As clinical trial sites and sponsors consider alternative approaches to conducting research during the coronavirus pandemic, the FDA recommends using electronic consent (e-consent) when possible.
E-consent can help sites provide information to patients and continue enrollment during a time of site closures, quarantines, travel limitations, and more. This is just one of many ways the FDA Guidance recommends anticipating and adapting to these challenges to maintain patient safety and data integrity. Many researchers are already altering study workflows, updating protocol and conducting virtual clinic visits.
Here’s a closer look at what researchers need to consider prior to implementing e-consent.
E-Consent Costs And Requirements
Clinical research is possible because of patients who voluntarily provide their informed consent to participate in trials. The FDA requires a written consent form that is approved by the IRB and signed and dated by the patient or their legally authorized representative at the time of consent (21 CFR 50.27(a)). Remote methods and electronic informed consent (e-consent) have been weighed in recent years to reduce inefficiencies and improve the ability to share new information with currently enrolled patients.
Now more than ever, e-consent could allow for continued enrollment for many trials that have been halted during the pandemic.
E-consent may require up-front costs for design and implementation of a compliant electronic system, plus training study staff and IRB approval. An e-consent must contain all elements required by HHS and/or FDA regulations (45 CFR 46.116 and 21 CFR 50.25). In addition, the e-consent process may include interactive electronic-based technology, diagrams, images or graphics, videos, and possibly narration.
If you are developing an e-consent for your clinical trial, you can find answers in Questions Surrounding Electronic Informed Consents based on the FDA Guidance on the Use of Electronic Informed Consent.
While patients typically experience the informed consent process in-person during discussions with study personnel, e-consent could be obtained through:
- Electronic messaging
- Telephone calls
- Video conferencing
- Live chat with a remotely located investigator or study personnel from a confidential space at home
While in-person visits may be currently restricted due to COVID-19, remote communication with patients at any time can be cost-effective for all parties.
Preparing To Implement E-Consent
For clinical trials not yet open to accrual, consider the following steps:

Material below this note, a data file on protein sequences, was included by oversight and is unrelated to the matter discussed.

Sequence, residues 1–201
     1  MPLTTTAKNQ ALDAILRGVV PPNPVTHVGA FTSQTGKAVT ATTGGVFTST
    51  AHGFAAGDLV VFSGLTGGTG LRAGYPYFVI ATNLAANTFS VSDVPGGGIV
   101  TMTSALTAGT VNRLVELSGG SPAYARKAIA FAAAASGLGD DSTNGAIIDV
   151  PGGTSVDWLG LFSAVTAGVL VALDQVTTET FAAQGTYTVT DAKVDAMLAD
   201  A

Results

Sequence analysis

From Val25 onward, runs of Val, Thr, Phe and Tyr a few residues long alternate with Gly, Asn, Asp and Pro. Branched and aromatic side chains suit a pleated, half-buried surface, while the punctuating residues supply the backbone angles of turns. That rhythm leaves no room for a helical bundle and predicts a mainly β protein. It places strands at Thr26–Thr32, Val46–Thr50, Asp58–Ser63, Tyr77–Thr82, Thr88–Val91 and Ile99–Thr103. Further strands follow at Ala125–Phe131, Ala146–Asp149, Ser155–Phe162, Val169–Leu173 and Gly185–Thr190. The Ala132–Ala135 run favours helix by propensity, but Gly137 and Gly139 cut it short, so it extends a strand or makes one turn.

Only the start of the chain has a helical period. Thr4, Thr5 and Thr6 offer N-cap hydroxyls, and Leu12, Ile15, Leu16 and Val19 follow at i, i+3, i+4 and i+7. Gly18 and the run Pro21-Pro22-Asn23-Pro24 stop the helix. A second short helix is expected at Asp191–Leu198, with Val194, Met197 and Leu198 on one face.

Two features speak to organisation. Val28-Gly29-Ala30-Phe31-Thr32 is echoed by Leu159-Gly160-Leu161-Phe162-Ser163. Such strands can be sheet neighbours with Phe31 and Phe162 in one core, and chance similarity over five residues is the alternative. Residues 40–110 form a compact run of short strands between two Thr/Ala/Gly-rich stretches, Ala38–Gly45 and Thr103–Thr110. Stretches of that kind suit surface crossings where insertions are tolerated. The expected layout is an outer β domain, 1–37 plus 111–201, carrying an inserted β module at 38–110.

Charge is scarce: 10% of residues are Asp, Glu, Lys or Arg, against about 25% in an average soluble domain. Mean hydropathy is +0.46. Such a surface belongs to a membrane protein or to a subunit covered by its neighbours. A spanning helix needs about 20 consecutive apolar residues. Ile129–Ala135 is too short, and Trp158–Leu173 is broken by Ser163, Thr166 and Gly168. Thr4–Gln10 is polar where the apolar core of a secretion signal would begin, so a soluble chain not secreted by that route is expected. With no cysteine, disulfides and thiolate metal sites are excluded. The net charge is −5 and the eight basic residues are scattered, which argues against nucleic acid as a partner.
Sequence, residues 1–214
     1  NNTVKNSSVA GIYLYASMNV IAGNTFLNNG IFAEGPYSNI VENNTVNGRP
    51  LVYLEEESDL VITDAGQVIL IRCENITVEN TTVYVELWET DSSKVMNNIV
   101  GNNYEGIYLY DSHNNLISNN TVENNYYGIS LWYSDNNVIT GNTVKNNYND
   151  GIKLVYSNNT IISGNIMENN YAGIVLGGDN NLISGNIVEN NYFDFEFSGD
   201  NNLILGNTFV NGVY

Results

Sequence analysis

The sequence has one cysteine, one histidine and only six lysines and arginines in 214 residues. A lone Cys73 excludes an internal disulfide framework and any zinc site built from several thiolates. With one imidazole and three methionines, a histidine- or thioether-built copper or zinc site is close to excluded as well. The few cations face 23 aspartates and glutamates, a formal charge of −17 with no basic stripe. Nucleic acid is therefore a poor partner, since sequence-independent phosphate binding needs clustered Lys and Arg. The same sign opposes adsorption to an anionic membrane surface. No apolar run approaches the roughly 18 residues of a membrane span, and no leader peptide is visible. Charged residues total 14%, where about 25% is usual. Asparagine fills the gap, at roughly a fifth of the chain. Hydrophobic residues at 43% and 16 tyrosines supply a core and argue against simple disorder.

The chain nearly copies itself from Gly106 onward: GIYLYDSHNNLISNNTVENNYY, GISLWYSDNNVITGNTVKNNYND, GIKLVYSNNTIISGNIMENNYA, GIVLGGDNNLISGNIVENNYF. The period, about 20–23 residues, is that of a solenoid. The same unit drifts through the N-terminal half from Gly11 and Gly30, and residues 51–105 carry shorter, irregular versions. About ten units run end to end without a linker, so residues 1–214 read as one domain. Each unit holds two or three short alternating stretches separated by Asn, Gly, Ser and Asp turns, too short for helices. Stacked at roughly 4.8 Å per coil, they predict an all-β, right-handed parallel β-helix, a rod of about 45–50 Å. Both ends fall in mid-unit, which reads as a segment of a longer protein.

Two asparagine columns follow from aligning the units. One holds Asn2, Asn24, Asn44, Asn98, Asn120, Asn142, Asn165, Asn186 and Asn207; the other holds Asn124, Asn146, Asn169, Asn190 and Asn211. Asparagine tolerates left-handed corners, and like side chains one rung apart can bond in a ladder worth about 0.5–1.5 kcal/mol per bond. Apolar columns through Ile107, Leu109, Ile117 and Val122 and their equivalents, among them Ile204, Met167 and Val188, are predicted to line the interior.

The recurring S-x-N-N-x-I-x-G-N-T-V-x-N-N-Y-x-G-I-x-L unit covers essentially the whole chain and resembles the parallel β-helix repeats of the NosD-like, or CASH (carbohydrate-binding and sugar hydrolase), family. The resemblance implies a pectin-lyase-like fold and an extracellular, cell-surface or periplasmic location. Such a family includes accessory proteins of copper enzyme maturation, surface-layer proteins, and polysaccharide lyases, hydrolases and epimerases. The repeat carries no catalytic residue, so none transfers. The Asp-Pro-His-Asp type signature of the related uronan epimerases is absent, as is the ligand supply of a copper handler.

- Determine if your Electronic Database Capture (EDC) system has the capability of e-consent, or if a separate system is needed.
- Confirm the system and signature process is compliant with 21 CFR Part 11, especially for FDA regulated research. Not all commercially available e-consent solutions are Part 11 compliant.
- Obtain IRB approval for use of e-consent with the specific e-consent system. Of note, some IRBs have preferred vendors.
- Define how the sponsor and its representatives will have access to review the signed e-consent.
- Include e-consent guidance on study training materials and monitoring/data management plans.
For studies currently open to accrual, the above steps still apply. In addition, consider these three questions:
- Will currently enrolled patients be re-consented electronically even if they were initially consented on paper?
- Will e-consent be available for all participating sites or a limited set?
- Will the same language from the original consent be applied, or will there be changes that need to be reviewed and approved by the IRB?
Documentation And Training For E-Consent
When the above steps are complete and questions have been answered, consider the following:
- Document the plan for e-consent implementation in the site and sponsor records.
- Consider noting the relevance to COVID-19 in accordance with the FDA Guidance, similar to how protocol deviations should be explained if they result from the pandemic.
- Determine how consenters should document the process of e-consent in their records.
- Provide clear expectations and training to study staff.
- Paper alternatives should be made available for patients with poor eyesight, limited fine motor skills, or other challenges that could impact the informed consent process.
How IMARC Can Help
Our experienced team has a strong working knowledge of clinical research regulations and best practices. IMARC completes a thorough review of each IRB-approved Informed Consent Form (ICF) and site-specific informed consent process to ensure they are in alignment with the federal regulations, HIPAA, agreements with sponsors, investigational plan, and requirements of the IRB.
We can collaborate with your team to help navigate your next steps in this uncharted territory. Contact us today to talk through e-consent as a possibility for your clinical trial.
Tell Us Your Experience
Have you implemented e-consent for your trial before or during the COVID-19 pandemic? What were some of the challenges you faced? Please let us know your experience and any comments to this post in the comments below.
WIRB Guide for Researchers
WCG Webinar: PART 6: Going Remote During COVID-19: Considerations When Moving Studies Out of the Clinic Setting dated 22 Apr 2020